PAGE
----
On my wanderings through YouTube one night I came across the story of Elena Mukhina (1960-2006), a gymnast unlucky enough to be born under the Soviet regime.
Orphaned at the age of five and brought up by her grandmother, Mukhina joined a sports club and took up gymnastics. Her progress was modest and largely ignored. But after the Soviet team were ignominiously defeated by the Romanians at the 1976 Olympics, men’s coach Mikhail Klimenko was given the task of transforming the teenage Elena into a champion.
She burst on to the scene at the 1978 World Championships in Strasbourg. In one of the most stunning performances in history, she won the all-around gold medal, beating the Romanian Olympic champion Nadia Comăneci and top-ranked Soviet gymnast Nellie Kim, among others. She tied for gold in the floor exercise event, as well as winning the silver in balance beam and uneven bars. Mukhina made history in this competition by unveiling in the floor routine a never-before-seen combination salto (which was named after her). But her coach was not satisfied.
He wanted her to become one of the few females to attempt an element taken from men’s gymnastics, the Thomas salto (a one-and-three-quarter flip with one-and-a-half twists ending in a forward roll, perfected by American Kurt Thomas).
Mukhina soon realised the Thomas salto was extremely dangerous because it depended on being able to get enough height and speed to make all the flips and mid-air twists and still land in-bounds with enough room to do the forward roll, and it took near-perfect timing to avoid landing on the chin or the back of the head.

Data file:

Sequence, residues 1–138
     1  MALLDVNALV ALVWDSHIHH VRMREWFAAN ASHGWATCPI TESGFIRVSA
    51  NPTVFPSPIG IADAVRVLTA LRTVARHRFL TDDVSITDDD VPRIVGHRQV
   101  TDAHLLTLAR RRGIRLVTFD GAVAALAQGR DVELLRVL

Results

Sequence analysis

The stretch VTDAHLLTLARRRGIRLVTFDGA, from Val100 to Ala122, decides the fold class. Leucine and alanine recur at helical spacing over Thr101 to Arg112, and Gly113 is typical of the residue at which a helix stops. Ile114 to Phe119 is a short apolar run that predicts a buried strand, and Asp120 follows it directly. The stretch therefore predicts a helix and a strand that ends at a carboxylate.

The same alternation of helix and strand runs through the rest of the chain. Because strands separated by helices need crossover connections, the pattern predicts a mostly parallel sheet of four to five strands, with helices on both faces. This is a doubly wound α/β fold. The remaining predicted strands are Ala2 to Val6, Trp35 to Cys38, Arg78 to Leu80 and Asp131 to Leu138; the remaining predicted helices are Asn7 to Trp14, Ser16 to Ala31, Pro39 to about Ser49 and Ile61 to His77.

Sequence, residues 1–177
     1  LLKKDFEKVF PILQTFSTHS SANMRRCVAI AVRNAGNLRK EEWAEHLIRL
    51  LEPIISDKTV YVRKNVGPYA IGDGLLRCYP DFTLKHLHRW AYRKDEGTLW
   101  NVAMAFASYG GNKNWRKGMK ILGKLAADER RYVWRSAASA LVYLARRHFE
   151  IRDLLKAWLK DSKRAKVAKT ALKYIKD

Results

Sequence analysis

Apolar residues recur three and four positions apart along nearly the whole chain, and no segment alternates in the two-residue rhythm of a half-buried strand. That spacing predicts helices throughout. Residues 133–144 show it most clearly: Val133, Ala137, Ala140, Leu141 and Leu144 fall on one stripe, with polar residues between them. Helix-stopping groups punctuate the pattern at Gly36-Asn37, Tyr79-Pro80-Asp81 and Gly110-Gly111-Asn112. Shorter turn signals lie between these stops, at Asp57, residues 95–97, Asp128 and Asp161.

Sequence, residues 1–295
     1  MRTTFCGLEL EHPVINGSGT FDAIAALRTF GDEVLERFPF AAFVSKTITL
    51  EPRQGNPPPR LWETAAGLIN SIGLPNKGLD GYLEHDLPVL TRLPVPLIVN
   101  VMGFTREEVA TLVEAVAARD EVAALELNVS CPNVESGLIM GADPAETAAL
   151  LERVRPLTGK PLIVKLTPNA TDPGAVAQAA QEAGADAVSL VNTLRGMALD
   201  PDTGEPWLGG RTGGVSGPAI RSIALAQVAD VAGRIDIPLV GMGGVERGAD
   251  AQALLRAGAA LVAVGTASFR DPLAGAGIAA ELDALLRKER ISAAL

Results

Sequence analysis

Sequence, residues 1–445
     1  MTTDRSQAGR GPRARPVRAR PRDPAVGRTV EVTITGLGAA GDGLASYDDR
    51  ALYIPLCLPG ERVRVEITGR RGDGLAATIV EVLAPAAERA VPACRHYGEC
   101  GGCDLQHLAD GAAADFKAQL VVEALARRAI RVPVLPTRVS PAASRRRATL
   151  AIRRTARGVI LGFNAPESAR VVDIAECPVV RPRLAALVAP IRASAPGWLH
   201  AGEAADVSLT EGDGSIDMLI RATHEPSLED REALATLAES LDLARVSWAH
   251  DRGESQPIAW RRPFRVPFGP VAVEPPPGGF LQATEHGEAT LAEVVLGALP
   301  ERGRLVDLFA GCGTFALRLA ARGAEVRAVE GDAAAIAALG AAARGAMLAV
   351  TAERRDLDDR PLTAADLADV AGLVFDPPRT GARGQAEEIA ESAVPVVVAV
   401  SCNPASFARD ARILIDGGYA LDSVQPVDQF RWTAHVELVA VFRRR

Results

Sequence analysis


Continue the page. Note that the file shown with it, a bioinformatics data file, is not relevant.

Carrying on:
In 1979, while training for the World Artistic Gymnastics Championships, Mukhina suffered a broken leg, but due to pressure from the coaching staff the cast on her leg was removed twice despite the injury not healing.
With lingering weakness in her leg and mounting exhaustion from weight loss workouts, Mukhina had great difficulty coming back up to speed and including the Thomas salto in her floor routine.
Despite her warnings that it was constantly causing minor injuries and was dangerous enough to cause major damage, she was pushed to keep the move.
On July 3, 1980, two weeks before the Moscow Olympics, Mukhina was practising the Thomas salto when she crash-landed on her chin, snapping her spine. She was a quadriplegic. She was 19 years old.
Following the injury, the Soviet Gymnastics Federation remained secretive while Mukhina became a recluse. In one of her few interviews about the accident, published in Ogonyok magazine, she criticised the Soviet gymnastics programme for deceiving the public about her injury, and for the system’s insatiable desire for gold medals and championships:
‘. . . for our country, athletic successes and victories have always meant somewhat more than even simply the prestige of the nation. They embodied (and embody) the correctness of the political path we have chosen, the advantages of the system, and they are becoming a symbol of superiority. Hence the demand for victory – at any price’.
Mukhina was 46 when she died of apparent complications from quadriplegia. She never really blamed the coaches individually for what happened to her. She explained in the interview: ‘We’ve always placed a high value on risk, and a human life was worth little in comparison with the prestige of the nation; we’ve been taught to believe this since childhood.’
I share this sad tale (there are many from the gruelling world of Soviet sport) so that we never forget what Communism is: a brutal oppressive regime who thought nothing of rendering a 19-year-old quadriplegic so long as they could say to the Americans, or indeed their fellow Communists the Romanians: we won more gold medals than you.
Communist Russia is summed up perfectly by Mukhina: a human life worth little in comparison with the prestige of the nation.
So when people say on national TV, as Ash Sarkar did on Good Morning Britain, that ‘I am literally a Communist’, they should be ashamed of themselves. Communism dehumanises all of its citizens; people are disposable cogs in the machine to prove this wretched ideology works. As Eric Hobsbawm said on Desert Island Discs, yes the piles of bodies were worth it.
This is what Communists believe: the piles of bodies are worth it. Don’t ever forget it.